Underground Hydrogen Storage 

Research Themes: Energy, Software technology & Intelligent Systems 


A TRL is a measure to indicate the matureness of a developing technology. When an innovative idea is discovered it is often not directly suitable for application. Usually such novel idea is subjected to further experimentation, testing and prototyping before it can be implemented. The image below shows how to read TRL’s to categorise the innovative ideas.

Click to enlarge

Summary of the project


Renewable energy can be converted, converted and stored in the form of green hydrogen. This offers a lot of benefits compared to classic conversions, transportation and storage in the form of electricity. One of its biggest benefits is that hydrogen can be stored in large scales (TWh), much beyond the scope of electricity-based batteries. Storing hydrogen in several TWh scales requires huge space, several billion cubic meters, as for its low volumetric energy content. This space cannot be utilized in the surface, as for huge costs, security and land usage. The solution to this challenge is to utilize earth underground reservoirs. Underground reservoirs, such as salt caverns or porous rocks, offer giant capacities to store billions of cubic meters of hydrogen at high-pressures. However, up till now little is known about how hydrogen behaves in the subsurface – the science is missing. In the newly established hydrogen research lab, the researcher is investigating not only how it behaves in the subsurface but also what kind of environment – type of subsurface – would be the right reservoir to store it at a given quantity and scale. And connected to this is the challenges of containing hydrogen tiny molecules inside the reservoirs, maintaining its purity, and operating the system within safe mechanical cyclic loading. Therefore, with a uniquely integrated multidisciplinary approach, combining fluid mechanics and rock mechanics across scales, with integrating laboratory discoveries with numerical modelling, the researcher and his team and collaborators are finding solutions to make this technology ready for field deployment within a few years.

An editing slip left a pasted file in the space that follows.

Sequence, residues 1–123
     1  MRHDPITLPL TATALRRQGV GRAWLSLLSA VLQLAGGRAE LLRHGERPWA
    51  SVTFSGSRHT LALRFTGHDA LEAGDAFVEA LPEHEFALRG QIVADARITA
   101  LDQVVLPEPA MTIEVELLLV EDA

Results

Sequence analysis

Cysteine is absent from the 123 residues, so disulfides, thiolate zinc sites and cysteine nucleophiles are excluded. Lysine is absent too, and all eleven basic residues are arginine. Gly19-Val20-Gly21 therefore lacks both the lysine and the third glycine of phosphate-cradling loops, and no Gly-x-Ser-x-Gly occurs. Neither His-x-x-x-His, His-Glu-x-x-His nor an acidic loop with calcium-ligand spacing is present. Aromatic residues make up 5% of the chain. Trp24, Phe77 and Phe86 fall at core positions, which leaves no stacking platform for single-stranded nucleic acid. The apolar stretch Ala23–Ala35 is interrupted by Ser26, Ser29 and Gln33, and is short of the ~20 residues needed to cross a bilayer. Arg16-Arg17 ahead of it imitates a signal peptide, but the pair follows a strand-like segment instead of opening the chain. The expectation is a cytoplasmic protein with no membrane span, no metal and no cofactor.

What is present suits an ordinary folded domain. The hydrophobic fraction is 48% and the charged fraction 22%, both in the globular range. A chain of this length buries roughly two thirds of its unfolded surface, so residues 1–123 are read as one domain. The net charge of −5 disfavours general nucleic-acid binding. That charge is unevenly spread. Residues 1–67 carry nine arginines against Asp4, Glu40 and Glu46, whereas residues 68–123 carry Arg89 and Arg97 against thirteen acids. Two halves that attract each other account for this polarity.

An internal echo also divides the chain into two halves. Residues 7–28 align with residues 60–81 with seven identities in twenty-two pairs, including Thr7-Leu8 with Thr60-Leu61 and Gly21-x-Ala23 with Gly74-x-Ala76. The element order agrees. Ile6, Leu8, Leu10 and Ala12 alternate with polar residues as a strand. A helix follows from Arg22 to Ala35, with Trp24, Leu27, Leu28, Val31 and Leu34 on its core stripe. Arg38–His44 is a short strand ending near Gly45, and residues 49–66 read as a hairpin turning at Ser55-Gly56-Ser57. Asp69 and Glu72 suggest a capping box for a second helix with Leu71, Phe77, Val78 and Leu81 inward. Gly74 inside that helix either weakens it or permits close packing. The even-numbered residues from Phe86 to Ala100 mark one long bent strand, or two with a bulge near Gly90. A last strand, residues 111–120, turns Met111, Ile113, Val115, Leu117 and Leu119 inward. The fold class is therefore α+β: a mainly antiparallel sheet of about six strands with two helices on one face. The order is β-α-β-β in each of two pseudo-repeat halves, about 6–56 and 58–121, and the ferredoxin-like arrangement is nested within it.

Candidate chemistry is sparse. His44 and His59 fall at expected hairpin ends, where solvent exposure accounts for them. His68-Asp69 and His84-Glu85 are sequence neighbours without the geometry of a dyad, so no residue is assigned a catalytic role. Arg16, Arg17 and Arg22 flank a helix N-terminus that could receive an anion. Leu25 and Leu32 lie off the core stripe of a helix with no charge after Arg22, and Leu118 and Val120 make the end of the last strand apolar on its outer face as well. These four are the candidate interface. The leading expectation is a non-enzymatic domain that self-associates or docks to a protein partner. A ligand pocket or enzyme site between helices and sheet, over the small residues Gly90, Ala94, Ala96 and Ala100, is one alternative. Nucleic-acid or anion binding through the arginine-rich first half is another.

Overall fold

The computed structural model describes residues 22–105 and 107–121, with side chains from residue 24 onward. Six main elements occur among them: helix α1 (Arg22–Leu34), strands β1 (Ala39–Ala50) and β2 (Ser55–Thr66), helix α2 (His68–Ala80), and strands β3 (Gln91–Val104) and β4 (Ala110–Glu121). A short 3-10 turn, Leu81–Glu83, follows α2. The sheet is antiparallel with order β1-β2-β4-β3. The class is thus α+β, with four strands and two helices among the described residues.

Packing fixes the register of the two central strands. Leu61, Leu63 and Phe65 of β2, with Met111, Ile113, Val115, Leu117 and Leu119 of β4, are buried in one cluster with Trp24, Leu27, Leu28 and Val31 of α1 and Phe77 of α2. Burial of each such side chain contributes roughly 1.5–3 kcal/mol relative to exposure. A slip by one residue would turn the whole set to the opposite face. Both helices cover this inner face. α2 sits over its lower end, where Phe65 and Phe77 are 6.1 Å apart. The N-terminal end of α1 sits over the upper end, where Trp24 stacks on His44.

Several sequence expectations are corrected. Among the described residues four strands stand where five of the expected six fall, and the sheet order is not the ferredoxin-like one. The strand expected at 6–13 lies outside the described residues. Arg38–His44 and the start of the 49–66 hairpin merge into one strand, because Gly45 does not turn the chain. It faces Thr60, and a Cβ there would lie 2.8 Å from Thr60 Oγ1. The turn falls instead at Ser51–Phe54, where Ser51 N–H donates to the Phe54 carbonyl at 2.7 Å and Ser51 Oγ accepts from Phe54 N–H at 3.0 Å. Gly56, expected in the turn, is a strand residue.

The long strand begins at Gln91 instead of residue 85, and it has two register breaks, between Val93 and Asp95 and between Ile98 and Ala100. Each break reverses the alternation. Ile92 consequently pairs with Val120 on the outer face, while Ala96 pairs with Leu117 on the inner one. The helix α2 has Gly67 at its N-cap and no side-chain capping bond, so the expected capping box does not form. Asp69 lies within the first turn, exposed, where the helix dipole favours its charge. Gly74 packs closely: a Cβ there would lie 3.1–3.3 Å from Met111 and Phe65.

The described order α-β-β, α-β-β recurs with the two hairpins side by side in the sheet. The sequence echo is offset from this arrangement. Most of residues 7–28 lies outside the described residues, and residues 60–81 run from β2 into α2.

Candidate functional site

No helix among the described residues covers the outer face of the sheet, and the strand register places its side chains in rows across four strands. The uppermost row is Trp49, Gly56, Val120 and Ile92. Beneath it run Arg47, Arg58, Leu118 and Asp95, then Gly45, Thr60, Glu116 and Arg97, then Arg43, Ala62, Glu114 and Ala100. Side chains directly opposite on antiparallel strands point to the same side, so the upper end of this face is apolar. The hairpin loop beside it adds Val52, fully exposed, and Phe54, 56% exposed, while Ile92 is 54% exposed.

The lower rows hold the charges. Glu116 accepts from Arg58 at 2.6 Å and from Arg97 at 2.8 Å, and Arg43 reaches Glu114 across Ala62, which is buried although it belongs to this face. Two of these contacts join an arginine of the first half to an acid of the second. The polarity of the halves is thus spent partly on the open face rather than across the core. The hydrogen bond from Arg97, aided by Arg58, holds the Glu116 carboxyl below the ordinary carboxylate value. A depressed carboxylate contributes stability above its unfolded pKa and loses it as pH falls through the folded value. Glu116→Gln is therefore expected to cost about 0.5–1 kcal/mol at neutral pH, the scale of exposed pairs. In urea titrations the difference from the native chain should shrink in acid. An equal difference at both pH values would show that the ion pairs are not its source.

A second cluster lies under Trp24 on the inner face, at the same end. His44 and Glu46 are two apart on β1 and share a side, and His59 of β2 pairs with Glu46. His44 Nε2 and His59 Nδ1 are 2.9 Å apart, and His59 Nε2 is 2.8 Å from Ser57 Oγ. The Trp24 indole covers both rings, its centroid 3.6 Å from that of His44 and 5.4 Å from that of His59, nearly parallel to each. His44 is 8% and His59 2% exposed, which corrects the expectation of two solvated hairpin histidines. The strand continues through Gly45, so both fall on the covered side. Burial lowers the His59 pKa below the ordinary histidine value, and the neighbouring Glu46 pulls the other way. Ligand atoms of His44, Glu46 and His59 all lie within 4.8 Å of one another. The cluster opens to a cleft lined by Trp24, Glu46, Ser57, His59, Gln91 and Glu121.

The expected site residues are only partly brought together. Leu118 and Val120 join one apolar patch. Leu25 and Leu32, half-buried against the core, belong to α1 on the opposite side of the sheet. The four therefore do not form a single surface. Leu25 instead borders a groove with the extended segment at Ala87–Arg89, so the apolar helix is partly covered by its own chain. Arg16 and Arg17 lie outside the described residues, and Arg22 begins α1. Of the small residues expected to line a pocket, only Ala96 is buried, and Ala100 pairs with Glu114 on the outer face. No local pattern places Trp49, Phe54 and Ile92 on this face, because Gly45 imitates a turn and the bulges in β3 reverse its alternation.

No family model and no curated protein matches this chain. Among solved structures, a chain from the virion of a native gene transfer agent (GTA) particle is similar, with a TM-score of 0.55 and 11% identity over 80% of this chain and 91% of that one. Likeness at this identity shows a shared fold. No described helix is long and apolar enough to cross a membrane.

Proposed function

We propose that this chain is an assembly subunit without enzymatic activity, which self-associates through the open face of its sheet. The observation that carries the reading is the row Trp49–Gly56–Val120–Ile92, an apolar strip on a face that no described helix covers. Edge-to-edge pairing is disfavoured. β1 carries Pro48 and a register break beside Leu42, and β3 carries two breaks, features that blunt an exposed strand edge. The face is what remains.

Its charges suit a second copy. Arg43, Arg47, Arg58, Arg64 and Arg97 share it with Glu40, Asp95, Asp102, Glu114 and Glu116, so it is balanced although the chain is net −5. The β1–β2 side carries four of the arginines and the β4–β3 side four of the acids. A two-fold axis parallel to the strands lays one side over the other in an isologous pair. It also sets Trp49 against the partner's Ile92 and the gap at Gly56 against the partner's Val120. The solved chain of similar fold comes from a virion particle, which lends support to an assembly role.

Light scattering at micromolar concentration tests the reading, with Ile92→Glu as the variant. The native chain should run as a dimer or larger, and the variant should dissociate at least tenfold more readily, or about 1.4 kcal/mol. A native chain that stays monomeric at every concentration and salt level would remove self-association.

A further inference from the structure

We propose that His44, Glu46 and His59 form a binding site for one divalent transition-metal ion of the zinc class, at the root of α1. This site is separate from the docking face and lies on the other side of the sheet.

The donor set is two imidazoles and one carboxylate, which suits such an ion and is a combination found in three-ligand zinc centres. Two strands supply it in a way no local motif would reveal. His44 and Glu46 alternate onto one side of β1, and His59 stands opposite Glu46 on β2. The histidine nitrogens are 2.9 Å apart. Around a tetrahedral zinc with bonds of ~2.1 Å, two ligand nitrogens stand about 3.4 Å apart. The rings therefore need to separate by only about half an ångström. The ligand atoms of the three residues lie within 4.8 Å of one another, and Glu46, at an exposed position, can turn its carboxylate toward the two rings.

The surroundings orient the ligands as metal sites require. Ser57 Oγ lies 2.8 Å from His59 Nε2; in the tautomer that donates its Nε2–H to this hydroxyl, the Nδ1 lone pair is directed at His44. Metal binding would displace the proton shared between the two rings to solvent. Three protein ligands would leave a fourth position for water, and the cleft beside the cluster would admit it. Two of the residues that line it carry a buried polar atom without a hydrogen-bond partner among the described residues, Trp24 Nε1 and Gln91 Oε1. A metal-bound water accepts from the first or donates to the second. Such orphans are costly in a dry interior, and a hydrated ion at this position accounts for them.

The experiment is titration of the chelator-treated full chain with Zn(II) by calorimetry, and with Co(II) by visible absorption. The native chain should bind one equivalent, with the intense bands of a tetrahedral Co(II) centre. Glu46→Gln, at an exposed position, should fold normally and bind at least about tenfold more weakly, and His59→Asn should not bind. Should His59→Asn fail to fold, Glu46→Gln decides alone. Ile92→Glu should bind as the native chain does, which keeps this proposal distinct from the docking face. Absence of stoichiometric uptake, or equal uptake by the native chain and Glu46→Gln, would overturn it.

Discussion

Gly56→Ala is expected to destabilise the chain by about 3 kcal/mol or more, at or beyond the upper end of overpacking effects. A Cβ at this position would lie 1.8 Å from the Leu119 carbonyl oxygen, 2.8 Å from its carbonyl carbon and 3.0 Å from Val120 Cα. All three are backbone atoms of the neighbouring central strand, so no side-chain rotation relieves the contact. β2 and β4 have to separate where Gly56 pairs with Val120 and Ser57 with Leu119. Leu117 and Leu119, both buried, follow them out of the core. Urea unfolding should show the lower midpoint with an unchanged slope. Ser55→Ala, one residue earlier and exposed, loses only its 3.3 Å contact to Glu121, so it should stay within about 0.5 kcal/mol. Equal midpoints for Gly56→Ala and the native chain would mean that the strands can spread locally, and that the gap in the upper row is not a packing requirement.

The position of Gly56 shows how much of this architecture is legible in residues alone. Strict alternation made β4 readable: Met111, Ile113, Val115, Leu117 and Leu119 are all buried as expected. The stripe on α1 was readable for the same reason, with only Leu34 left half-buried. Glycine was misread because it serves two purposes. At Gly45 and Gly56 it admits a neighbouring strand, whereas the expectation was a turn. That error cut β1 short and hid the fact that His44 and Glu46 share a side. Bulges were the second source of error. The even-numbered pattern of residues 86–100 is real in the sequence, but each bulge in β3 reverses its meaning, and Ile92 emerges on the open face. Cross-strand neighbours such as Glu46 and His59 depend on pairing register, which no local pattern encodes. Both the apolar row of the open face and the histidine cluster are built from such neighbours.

What's next?


The next step for the underground hydrogen storage research is to investigate, at real-field conditions, how hydrogen will interact with the reservoir and cushion gas fluids. Specially mixing and reactivite physics under cyclic transport of hydrogen is to be investigated. 

Contribution to the Energy transition?


Hydrogen is a very attractive renewable energy carrier. While we aim to scaleup renewable energy production, if we establish ways to store green hydrogen at large-scale (TWh) safe and pure in the giant underground reservoirs, we will certainly accelerate energy transition by several folds. 

/* */